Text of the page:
It’ll ask you to enter a new password. You won’t see anything as you type but just type the password you want and hit enter. It’ll say the password was successfully updated and you’ll be good. Please do not forget this password as it’ll be important for future tinkering. Once that’s done we just need to type the following:
sudo modprobe sg
It will ask you for your sudo password and then you’ll be done. What the modprobe command does is load modules (a.k.a. drivers) we specify (in this case sg which access to disc drives) into the kernel. This is not the same thing as unlocking the file system (which I recommend against). No Steam Decks were harmed in the making of this guide. At this point we’re ready to pop in our disc and let it rip.
Ripping Our Disc with MakeMKV
Plug in your drive before you open MakeMKV, otherwise it won’t detect the drive. Once you open MakeMKV it will ask you to either purchase a key or register a key. It’s alright because there is a beta key you can grab off the official MakeMKV forums intended to test the program while it’s in its “beta phase”. I do not know how long the beta phase will last but it has been in beta for quite a while so it’s a safe bet you can use MakeMKV for free now. Alternatively you can outright purchase it for $50 so you don’t have to check back for a beta key every month or so. I did and don’t regret it considering just how many discs I’ve ripped into my Plex server.
To register the beta key (or a purchased key) click on Help (1) and then Register (2). This will open a window to enter your key. Once you do that you’re free to rip your disc.
Now we could go straight to ripping our disc, and there’s a good chance everything will be fine. However we can get just a bit more functionality out of MakeMKV if we install the Java Runtime Environment.
Luckily this doesn’t require modifying the system files, but we will need to tell MakeMKV where to find the install path. Head over to the Java Runtime Environment (JRE) Download page and download the Linux x64 version. You’ll also see a link for instructions which will be handy, but I’m going to go through them here as well. Once the file is downloaded open your file explorer and go to your Home folder. Here let’s make a new folder called Java Runtime. Drag the downloaded JRE file inside this new folder. Once you’re inside the Java Runtime folder, right click a blank space (1) and click Open Terminal Here (2) in the right click menu. This will open your Konsole back up but focused inside this folder.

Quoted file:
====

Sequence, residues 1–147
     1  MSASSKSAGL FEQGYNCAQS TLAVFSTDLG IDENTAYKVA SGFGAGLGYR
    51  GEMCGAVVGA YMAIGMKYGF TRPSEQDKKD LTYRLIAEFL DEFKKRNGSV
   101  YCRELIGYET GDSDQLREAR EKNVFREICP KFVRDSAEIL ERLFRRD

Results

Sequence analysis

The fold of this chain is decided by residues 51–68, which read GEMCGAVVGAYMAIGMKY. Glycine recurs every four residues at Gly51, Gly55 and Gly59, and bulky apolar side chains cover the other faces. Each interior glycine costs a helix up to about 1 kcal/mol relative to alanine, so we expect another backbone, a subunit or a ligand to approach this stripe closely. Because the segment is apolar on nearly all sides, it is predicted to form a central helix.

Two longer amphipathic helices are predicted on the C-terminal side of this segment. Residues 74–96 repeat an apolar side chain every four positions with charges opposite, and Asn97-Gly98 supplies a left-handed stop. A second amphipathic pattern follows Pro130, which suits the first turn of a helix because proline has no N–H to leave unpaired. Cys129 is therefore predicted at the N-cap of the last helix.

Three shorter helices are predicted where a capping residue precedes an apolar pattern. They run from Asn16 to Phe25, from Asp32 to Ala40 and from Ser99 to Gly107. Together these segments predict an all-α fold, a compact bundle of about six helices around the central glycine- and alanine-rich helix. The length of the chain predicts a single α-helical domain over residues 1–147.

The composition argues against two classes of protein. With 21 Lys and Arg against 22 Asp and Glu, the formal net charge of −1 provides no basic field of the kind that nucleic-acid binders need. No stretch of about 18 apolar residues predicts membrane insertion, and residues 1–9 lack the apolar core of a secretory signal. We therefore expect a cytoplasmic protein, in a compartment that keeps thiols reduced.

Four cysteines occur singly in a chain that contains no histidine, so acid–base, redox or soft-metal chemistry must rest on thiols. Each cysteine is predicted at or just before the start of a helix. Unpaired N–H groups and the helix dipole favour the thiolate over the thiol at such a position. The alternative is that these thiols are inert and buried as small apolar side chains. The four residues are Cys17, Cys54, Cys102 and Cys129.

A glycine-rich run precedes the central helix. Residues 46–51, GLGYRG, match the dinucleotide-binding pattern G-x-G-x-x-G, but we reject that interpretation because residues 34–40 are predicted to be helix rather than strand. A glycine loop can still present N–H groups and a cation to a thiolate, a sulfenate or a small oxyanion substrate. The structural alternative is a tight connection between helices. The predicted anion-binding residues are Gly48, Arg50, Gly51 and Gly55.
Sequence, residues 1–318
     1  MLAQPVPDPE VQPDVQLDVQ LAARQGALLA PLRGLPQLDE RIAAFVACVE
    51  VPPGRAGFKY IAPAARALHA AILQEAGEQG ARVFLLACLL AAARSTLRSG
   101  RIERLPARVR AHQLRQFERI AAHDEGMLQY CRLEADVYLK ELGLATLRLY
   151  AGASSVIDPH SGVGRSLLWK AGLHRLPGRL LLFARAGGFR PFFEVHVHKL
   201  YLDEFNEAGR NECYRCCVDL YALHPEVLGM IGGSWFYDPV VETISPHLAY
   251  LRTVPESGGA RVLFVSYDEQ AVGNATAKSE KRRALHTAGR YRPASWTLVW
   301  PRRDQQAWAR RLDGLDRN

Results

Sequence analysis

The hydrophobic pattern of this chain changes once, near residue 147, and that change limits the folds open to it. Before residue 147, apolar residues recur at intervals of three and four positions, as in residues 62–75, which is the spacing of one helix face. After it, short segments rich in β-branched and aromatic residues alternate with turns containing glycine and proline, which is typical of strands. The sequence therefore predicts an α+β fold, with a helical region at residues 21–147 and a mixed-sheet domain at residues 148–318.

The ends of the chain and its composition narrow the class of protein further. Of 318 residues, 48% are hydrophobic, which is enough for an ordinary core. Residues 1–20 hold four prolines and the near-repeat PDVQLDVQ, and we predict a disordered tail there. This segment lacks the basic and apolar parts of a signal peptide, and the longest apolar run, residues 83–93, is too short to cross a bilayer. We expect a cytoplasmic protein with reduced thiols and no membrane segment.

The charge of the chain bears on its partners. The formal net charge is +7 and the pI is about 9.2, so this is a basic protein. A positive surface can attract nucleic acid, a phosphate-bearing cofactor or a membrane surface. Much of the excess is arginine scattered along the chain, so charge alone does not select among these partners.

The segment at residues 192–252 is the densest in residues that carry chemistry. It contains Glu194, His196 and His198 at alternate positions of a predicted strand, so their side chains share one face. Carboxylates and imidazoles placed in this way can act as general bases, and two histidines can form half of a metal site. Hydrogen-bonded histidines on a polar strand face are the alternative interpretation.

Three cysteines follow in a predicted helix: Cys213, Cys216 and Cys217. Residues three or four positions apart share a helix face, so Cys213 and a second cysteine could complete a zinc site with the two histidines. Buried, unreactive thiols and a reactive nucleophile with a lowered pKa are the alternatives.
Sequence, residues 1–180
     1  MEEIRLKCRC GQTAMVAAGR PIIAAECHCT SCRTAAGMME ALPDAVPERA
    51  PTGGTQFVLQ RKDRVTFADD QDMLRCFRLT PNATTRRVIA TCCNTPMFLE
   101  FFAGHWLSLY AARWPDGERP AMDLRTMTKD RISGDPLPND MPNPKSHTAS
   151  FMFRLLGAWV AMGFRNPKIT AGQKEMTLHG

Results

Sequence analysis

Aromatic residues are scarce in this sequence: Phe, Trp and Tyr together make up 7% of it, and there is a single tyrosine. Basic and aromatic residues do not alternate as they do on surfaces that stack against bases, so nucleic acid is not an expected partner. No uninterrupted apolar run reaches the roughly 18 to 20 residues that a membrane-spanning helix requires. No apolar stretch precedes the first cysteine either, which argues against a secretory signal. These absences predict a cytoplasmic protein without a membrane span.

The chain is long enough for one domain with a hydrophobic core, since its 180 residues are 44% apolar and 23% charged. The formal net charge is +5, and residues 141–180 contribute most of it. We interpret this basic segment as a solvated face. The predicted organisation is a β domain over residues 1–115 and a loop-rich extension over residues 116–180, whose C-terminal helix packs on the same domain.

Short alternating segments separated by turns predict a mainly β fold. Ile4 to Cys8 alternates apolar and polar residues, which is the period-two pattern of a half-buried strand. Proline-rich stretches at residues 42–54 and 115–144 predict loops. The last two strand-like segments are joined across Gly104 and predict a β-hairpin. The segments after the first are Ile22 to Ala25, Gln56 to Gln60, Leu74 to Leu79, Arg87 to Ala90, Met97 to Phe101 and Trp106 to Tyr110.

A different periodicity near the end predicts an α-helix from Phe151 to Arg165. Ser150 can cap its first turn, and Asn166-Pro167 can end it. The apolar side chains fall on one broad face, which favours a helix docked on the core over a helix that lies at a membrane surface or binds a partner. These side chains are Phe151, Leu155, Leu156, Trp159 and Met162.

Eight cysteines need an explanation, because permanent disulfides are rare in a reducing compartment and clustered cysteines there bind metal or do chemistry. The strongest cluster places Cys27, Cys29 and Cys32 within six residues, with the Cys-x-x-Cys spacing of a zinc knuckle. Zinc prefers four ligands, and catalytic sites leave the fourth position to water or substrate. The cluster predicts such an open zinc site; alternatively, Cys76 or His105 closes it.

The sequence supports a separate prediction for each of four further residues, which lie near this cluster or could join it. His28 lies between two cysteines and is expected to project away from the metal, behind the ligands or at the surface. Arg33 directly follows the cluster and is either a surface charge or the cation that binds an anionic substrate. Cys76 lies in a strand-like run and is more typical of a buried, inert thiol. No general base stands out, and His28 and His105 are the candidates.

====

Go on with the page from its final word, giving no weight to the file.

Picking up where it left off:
We’re going to type the following command from the JRE install instructions:
tar zxvf jre-8u73-linux-x64.tar.gz
This will unpack JRE inside the folder. Once that’s completed you can delete the file you downloaded inside the Java Runtime folder. (Note that if you have a later release of Java, the filename may be different than in the above command.)
Let’s go back to MakeMKV to tell it where our JRE install is located. In MakeMKV click on View and then Preferences. In the window that pops up click on the second to last tab and then under Custom Java executable location click the button with the paper icon (2).
This will open up a file explorer window to locate the Java executable. If you followed the file structure I gave in the example above it will be as follows.
Home > Java Runtime > jre[current version] > bin > java
Once you’ve selected it go ahead and hit OK (3). Once this is set we can move onto ripping your disc. Insert your Blu-Ray disc and click on the Blu-Ray drive button (1). This will open our Blu-Ray and scan the files on the disc.